What's it like to be a Sports Trainer?
A Sports Trainer is responsible for making sport safer for the athletes that participate in it. That can be preventative, teaching players how to prevent injuries using anatomical expertise, or curative, giving first aid and ensuring injuries are tended to quickly and effectively.
Tasks and duties
- Training players in musculoskeletal anatomy and body movement.
- Teaching players about nutrition and hydration, and ensuring they are eating and drinking correctly.
- Discussing illnesses and injuries with players and providing frontline treatment.
- Managing injured athletes and coordinating the rehabilitation process.
- Giving players guidance and lead pre-match warm-up, stretching and post-match cooldowns.
- Transporting injured athletes and coordinating contemporaneous medical services.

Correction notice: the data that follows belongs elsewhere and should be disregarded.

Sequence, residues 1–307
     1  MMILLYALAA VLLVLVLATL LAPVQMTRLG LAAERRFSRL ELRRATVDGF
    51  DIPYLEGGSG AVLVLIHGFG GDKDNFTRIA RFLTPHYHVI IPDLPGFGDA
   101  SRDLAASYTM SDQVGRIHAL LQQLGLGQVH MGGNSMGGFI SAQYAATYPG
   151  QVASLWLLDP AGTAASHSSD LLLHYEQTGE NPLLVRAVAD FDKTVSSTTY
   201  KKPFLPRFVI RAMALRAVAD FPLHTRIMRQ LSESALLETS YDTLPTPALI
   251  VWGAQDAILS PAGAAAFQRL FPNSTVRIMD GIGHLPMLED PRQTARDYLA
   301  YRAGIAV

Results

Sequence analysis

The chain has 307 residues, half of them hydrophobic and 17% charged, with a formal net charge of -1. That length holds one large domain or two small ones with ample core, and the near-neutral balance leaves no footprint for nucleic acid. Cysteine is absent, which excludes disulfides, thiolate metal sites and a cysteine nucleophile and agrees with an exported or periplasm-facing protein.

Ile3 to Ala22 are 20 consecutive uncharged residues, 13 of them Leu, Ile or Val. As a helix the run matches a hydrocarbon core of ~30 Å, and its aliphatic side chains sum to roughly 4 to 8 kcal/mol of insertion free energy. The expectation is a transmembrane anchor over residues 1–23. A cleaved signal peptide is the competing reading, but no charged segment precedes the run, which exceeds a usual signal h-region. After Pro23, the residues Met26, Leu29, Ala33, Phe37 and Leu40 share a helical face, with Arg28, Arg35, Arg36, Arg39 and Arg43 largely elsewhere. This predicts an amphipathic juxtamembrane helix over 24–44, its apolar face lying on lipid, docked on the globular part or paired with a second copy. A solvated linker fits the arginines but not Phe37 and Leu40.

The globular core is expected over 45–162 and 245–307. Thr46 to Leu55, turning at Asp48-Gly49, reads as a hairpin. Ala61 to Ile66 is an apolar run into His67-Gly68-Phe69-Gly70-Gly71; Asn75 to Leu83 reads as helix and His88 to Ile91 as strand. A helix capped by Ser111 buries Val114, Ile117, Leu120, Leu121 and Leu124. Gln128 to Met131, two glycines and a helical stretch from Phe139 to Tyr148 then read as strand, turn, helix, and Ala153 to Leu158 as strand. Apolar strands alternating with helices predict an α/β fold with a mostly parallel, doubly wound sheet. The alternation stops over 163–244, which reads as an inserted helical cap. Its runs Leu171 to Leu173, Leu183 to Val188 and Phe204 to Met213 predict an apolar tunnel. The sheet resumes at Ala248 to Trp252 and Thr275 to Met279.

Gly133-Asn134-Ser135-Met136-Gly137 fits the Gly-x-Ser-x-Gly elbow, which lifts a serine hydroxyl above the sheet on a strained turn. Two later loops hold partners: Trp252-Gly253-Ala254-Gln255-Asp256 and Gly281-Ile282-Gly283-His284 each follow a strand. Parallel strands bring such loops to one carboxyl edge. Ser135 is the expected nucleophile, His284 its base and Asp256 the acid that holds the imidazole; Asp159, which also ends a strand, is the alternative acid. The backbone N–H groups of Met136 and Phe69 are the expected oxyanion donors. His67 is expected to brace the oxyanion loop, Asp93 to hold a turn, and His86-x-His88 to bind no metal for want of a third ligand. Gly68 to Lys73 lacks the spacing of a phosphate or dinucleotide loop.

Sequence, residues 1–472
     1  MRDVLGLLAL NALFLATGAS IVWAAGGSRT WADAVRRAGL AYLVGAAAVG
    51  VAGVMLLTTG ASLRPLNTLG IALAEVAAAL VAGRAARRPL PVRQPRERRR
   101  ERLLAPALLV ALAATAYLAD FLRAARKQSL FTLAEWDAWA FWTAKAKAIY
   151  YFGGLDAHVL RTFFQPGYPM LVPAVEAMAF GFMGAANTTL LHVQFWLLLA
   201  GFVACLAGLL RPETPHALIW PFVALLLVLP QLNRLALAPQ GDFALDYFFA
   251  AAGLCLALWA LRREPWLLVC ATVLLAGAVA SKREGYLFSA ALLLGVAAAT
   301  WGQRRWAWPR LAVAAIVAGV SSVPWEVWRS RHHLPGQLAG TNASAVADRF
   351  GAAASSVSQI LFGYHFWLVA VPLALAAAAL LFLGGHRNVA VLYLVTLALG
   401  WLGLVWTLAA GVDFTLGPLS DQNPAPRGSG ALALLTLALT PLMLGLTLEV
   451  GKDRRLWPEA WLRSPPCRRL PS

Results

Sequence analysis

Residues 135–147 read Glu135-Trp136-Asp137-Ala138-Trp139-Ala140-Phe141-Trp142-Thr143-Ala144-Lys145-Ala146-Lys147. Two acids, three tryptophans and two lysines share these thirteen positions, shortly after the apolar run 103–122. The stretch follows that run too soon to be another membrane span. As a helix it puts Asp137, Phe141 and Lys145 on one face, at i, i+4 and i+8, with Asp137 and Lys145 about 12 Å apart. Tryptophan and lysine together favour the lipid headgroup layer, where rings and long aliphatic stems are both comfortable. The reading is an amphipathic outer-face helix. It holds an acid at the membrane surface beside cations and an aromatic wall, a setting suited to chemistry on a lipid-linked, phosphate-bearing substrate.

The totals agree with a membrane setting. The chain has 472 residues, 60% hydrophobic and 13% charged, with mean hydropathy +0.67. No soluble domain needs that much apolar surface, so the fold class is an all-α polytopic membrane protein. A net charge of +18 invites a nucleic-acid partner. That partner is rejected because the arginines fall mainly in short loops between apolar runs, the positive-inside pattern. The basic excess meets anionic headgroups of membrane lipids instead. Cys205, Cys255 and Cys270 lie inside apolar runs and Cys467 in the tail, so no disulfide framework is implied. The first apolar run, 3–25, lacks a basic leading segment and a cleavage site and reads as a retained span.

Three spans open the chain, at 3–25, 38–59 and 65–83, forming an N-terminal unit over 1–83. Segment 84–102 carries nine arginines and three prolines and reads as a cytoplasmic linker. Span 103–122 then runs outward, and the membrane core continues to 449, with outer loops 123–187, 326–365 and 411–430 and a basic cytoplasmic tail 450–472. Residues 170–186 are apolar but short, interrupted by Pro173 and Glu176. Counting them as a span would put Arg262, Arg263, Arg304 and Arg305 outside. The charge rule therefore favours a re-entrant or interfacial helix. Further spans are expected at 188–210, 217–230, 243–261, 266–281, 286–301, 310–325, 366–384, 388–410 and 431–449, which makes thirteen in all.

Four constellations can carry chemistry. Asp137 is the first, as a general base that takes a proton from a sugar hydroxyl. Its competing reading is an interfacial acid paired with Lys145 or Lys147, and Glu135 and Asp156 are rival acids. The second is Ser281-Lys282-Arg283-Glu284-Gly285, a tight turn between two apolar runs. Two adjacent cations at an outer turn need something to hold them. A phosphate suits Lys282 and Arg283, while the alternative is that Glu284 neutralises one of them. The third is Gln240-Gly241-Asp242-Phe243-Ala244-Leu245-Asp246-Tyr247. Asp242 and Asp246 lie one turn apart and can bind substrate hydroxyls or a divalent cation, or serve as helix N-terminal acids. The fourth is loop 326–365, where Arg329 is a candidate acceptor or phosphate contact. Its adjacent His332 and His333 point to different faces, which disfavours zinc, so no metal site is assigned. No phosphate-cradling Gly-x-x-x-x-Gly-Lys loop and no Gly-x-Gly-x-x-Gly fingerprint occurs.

- Taping hands, wrists, elbows, shoulders, knees and ankles with sports tape to prevent new injuries.
- Comply with sporting codes, particularly regulations around drugs in sport.
What can I earn as a Sports Trainer?
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How to become a Sports Trainer
- Complete a Sports Trainer Level 1, 2 or 3 certification. You can find these courses at private colleges, such as Sports Medicine Australia. There are no specific minimum entry requirements for Level 1, and it will take you between 1 day and 1 week to complete full-time. Level 1 is a prerequisite for Levels 2 and 3.
- Complete a Bachelor of Medicine, Sports Management or Exercise Science at university. You will need to have completed year 12 or gain special admission through an alternative pathway.
- You will need a police clearance and Working With Children Check if you plan to train people under 18 years of age.
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